I usually write my daily apple at home, in the quiet stillness of the dawn. Today it was not possible as we had to leave early so, here I am in a lively cafè with the latecomers having their quick espresso before rushing to their offices.
We can’t always control the situations around us, disruptions happen. But, as Viktor Frankl wrote, “when we are no longer able to change a situation, we are challenged to change ourselves.”
When something is meaningful for us, we adapt and find a way through. And as you know, this writing pause is my daily anchor.
And somehow, this disruption in my routine fits with the thoughts that have been spinning in my mind since yesterday evening. I attended a workshop about emotional intelligence, and I left with the awareness that we can’t stop emotions from emerging.
The idea that we can leave our emotions behind in some environment, typically work, can lead to a great deal of stress and pressure. There are things you can’t stop from happening such us changing, moving, communicating and feeling emotions.
We change, no matter how much we would like to stay the same.
We move, no matter how much we try to stay still.
As the psychologist and philosopher Paul Watzlawick said, “One cannot not communicate” because “every behaviour is a form of communication”.
And you can’t stop emotions from emerging within you.
Resisting is energy consuming. This is why it is important to embrace, own and take care of your emotions. So you can harness them to create a positive impact within and without you.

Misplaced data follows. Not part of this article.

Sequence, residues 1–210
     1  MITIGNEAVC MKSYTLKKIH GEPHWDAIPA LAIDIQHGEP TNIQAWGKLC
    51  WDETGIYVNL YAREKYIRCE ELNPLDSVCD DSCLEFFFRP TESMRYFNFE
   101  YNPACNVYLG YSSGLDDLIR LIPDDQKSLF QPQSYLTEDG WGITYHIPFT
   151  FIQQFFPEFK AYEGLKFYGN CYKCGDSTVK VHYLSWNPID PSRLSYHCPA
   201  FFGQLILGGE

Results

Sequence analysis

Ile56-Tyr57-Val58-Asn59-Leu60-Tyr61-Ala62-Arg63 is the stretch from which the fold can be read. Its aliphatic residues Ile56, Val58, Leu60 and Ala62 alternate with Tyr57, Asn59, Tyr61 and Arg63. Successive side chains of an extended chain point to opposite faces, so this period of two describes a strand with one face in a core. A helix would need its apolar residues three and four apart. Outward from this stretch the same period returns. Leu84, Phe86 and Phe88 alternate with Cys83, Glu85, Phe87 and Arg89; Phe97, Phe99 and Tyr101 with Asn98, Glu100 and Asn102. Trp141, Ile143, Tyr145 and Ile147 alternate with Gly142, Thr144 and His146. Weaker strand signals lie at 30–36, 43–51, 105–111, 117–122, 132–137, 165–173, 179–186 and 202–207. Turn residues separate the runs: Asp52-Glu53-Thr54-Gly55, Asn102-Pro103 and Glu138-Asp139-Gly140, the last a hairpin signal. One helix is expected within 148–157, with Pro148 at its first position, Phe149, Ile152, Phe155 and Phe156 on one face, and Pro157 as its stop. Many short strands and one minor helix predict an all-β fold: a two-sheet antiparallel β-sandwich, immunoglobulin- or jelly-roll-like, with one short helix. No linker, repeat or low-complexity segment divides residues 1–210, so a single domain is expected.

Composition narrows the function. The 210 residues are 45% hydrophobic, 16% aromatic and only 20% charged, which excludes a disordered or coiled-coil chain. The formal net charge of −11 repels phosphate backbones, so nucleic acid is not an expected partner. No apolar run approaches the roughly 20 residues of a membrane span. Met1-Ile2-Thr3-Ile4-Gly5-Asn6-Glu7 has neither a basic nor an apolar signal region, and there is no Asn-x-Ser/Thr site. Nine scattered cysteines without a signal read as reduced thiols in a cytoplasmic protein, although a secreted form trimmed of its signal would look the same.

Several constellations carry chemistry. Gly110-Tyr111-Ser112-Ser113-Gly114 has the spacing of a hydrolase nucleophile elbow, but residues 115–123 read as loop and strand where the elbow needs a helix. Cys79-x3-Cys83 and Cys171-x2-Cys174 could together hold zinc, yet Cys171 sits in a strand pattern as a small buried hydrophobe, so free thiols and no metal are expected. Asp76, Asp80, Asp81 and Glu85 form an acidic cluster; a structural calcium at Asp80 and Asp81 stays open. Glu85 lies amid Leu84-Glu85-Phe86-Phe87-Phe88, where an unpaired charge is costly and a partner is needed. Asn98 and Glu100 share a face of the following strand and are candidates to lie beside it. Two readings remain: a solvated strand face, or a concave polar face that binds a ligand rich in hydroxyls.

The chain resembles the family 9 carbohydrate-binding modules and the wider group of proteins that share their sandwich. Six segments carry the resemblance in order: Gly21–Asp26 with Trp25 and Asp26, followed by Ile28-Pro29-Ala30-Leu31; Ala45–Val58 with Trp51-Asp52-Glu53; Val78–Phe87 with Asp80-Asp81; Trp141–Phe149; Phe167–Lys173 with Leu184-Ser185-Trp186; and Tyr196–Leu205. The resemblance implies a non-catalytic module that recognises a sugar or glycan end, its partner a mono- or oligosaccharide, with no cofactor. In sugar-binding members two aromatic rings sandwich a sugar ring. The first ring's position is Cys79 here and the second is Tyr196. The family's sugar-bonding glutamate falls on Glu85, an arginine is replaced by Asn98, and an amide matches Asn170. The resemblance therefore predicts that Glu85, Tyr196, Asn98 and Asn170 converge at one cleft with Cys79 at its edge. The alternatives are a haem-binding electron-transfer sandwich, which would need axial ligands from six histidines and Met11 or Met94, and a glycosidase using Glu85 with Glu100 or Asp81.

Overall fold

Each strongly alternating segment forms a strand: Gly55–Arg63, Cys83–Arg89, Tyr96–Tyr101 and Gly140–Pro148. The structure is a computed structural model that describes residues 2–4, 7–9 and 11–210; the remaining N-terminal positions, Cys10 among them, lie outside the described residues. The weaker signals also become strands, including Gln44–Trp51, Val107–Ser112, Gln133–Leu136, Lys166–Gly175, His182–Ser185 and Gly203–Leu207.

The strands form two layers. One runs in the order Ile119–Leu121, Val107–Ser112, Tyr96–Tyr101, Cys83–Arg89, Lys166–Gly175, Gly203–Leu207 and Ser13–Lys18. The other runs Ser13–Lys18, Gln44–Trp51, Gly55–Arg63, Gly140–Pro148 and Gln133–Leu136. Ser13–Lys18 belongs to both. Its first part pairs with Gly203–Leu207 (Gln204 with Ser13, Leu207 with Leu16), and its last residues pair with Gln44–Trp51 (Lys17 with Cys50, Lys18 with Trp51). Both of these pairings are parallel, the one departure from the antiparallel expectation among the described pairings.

And the first step, as I learned yesterday evening, is to recognise your emotions and give them a name.
“In descriptions of Nature one must seize on small details, grouping them so that when the reader closes his eyes he gets a picture. For instance, you’ll have a moonlit night if you write that on the mill dam a piece of glass from a broken bottle glittered like a bright little star, and that the black shadow of a dog or a wolf rolled past like a ball.” — Anton Chekhov
This morning this few words appeared in my mind while I was doing some stretching to wake up my body; “show, don’t tell”.
It’s an expression used to summarise a writing technique. If you’re writing about something, you can describe what’s going on, providing all the information and details, including feelings and emotions. Or you can paint a picture through which the readers can feel the experience as if they were living it.